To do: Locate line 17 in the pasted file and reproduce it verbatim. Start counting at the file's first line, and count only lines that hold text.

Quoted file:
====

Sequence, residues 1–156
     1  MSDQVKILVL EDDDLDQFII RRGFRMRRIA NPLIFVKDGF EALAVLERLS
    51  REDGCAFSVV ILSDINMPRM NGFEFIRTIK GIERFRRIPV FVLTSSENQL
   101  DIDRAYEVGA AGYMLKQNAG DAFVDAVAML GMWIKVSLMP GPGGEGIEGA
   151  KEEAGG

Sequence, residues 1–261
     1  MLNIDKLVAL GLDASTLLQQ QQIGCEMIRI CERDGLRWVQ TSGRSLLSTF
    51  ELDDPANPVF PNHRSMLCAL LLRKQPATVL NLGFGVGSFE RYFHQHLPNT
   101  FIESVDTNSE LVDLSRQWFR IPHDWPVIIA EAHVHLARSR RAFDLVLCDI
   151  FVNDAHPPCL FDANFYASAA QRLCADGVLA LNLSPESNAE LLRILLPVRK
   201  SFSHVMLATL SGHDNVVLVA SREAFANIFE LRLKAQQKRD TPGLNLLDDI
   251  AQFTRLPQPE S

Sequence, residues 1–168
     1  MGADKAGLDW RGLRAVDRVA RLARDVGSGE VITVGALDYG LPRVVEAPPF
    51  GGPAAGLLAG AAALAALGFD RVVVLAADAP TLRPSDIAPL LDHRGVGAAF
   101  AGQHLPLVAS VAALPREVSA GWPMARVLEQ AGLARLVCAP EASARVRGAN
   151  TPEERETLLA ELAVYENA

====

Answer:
   151  TPEERETLLA ELAVYENA